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Our Travel-Related Quarantine page provides details on when quarantine is required and how to do it. Quarantine applies to both Kansas residents and visitors, and it begins the day after you arrive in Kansas.
Those under 14-day home quarantine should not attend school, work or any setting where a 6-foot distance from other people can’t be maintained.
While at home:• Use a symptoms log to monitor your symptoms for fever, cough or trouble breathing. If symptoms develop, notify your local health department.• If you need to seek medical attention: Call ahead and tell your doctor about recent travel or if you have been otherwise exposed to COVID-19. Wear a facemask to prevent further spread.• Consider wearing a facemask while at home because both asymptomatic and symptomatic people can spread the virus and wearing a facemask may help protect the people you live with.• If possible, separate yourself from other people in your home. Stay in a different room and use a separate bathroom, if available.• Cough or sneeze into the fold of your elbow. Alternatively, cover your mouth and nose with a tissue when you cough or sneeze.• Wash hands often with soap and water for at least 20 seconds or clean your hands with an alcohol-based hand sanitizer that contains 60-95% alcohol. Soap and water should be used if hands are visibly dirty.• Clean all “high-touch” surfaces every day, including counters, tabletops, doorknobs, bathroom fixtures, toilets, phones, keyboards, tablets, and bedside tables. Also, clean any surfaces that may have blood, stool, or body fluids on them. Use a household cleaning spray or wipe, according to the label instructions.
No. If your travel was only to the airport (for example, a layover), you do not need to follow the quarantine orders. If you left the airport for any period of time, you would be subject to the 14-day quarantine
Traveling increases your risk of getting and spreading COVID-19. The Kansas Department of Health and Environment (KDHE) cannot tell you whether or not you should cancel your trip; however, the Centers for Disease Control (CDC) recommends that all people postpone or cancel non-essential travel and avoid prolonged exposure to large groups of people. Be aware that individuals who travel outside the United States or to certain states with the U.S., may be expected to quarantine for at least 14 days upon arrival in Kansas. Anyone who chooses to travel at this time may face travel delays or quarantines when trying to get back into the state and may not be able to return to their daily life immediately upon return.
If you simply drove through a state with minimal stops and no extended period of stay, you do not need to fulfill the quarantine period. It is always a good idea to monitor your symptoms for 14 days, just in case.
Only the individuals who have traveled are required to fulfill the quarantine period. Household members who live with them should practice social distancing from those quarantined individuals but are not quarantined themselves.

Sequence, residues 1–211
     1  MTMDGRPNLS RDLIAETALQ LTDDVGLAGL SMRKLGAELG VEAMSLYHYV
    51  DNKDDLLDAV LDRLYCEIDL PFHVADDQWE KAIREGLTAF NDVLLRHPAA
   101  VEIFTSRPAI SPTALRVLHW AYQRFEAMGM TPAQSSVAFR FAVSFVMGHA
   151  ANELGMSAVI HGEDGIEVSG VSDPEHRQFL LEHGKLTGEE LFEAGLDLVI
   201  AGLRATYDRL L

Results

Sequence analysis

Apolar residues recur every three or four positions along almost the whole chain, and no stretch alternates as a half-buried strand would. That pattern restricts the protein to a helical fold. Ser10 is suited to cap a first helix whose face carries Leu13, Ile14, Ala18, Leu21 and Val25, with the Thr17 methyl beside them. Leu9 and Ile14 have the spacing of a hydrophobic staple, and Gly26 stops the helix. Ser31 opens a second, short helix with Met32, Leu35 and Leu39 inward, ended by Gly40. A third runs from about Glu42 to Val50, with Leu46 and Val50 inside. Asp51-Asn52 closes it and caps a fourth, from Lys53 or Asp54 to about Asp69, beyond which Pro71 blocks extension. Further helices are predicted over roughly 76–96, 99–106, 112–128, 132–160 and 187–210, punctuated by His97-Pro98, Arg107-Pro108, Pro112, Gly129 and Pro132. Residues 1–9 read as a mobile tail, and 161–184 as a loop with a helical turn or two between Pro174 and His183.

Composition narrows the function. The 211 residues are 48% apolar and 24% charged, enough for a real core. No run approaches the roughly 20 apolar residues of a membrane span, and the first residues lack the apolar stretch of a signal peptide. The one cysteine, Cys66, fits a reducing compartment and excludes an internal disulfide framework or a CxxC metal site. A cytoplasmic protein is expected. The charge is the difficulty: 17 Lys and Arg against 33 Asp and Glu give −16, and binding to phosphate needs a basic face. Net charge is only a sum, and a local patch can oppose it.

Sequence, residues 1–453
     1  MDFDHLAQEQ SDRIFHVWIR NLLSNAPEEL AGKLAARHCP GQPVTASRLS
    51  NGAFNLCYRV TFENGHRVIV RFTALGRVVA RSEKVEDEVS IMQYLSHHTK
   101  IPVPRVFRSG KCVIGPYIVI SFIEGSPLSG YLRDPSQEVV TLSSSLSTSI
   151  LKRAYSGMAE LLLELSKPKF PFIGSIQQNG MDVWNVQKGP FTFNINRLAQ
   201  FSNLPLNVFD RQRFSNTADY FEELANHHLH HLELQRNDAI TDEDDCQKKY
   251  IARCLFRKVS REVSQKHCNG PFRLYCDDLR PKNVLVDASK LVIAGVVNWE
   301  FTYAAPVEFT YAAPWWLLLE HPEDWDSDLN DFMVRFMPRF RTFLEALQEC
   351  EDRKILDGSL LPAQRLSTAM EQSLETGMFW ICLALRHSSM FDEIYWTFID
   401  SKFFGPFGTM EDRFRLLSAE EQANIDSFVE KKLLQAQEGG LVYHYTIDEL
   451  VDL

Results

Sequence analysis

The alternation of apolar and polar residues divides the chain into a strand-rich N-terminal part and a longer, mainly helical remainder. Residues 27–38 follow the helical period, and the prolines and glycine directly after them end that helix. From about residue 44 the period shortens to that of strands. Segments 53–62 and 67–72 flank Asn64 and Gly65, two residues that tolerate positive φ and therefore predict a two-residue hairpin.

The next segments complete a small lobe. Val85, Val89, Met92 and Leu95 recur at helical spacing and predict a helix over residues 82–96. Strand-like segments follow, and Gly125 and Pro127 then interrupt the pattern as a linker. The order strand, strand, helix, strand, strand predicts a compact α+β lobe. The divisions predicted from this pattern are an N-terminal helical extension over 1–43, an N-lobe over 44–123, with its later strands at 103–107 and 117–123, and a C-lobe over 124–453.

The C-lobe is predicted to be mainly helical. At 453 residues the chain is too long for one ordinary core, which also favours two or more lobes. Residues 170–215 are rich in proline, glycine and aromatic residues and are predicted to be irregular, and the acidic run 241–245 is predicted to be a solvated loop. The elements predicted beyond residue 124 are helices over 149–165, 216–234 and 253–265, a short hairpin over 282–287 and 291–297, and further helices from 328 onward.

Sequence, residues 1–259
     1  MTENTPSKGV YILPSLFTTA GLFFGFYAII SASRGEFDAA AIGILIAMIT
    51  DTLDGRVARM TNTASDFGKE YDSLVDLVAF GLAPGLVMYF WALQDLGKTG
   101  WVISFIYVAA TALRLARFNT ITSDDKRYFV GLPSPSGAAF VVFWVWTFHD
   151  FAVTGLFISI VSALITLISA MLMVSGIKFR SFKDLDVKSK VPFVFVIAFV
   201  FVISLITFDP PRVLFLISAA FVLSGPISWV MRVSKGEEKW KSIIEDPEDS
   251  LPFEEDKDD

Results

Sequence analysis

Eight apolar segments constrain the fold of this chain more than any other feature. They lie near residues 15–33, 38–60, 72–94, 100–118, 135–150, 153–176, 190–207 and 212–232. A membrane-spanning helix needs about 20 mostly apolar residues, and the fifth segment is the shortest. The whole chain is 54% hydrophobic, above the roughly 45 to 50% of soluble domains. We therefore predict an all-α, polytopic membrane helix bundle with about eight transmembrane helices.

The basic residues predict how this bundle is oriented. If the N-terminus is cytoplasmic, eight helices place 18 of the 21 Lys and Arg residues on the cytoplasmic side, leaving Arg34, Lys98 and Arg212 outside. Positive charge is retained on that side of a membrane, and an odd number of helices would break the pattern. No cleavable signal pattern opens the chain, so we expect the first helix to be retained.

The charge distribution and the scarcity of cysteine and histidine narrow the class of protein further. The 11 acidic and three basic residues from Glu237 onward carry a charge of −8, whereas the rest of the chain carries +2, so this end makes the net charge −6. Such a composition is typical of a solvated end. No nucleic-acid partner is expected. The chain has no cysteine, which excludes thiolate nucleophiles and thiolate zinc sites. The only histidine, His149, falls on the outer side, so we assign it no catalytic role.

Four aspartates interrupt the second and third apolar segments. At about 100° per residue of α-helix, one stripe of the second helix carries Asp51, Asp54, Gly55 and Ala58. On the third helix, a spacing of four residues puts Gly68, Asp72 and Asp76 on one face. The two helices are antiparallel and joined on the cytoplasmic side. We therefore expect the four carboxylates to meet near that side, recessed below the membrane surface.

The Kansas Department of Health and Environment (KDHE) is constantly evaluating whether or not other locations need to be added to the list of travel-based quarantines. A variety of factors are used to determine this list, but is based on the Centers for Disease Control and Prevention (CDC) guidance of community transmission. A formula is used to evaluate new cases over a two-week period, then it is adjusted for population size to provide a case rate per 100,000 population. This provides a number that can then be compared to the rate in Kansas. States with significantly higher rates -- approximately 3x higher -- are added to the list.
Yes. The strains are identified as Type L and Type S. Type L is a more aggressive strain of the virus and accounts for 70% of cases, and appears to be more prevalent in early outbreaks. Type S is older and less aggressive, accounting for 30% of cases and becomes more prevalent as an outbreak progresses. These strains are still being analyzed by the Centers for Disease Control (CDC) and World Health Organization and require further study.
You can use this chart (PDF) when people talk about their symptoms.
The Kansas Department of Health and Environment (KDHE) website has a map that is regularly updated that gives a variety of data regarding COVID-19 in Kansas.
Do not use surgical masks or N95 masks. These masks are considered specialized personal protective equipment (PPE) and should be reserved for first responders and health care workers to protect from serious injuries or illnesses while doing their jobs. If you have supplies of PPE, consider donating them.
Homemade masks are NOT meant to replace proven public health strategies like staying home, social distancing and practicing good hygiene, which are all still the best ways to help slow the spread of the coronavirus. If used correctly, masks are simply another tool to help people who may have the virus -- but don’t know it -- from transmitting it to others.
To use a homemade mask safely and effectively, remember this helpful acronym: M.A.S.K.M = Multi-layered, tightly-woven 100% cotton --180+ thread count. Don’t buy surgical or N95 masks.A = Avoid your face. Never touch the front of the mask. Always remove it from behind your head.S = Scrap it if it’s damaged, soiled or doesn’t fit. Make sure it’s breathable and fits snug. Don’t use while it’s damp, wet or dirty.K = Keep the mask and your hands clean. Wash your hands before and after use. Wash or dispose the mask after every use.
Learn how to make a mask.
Learn about children and masks.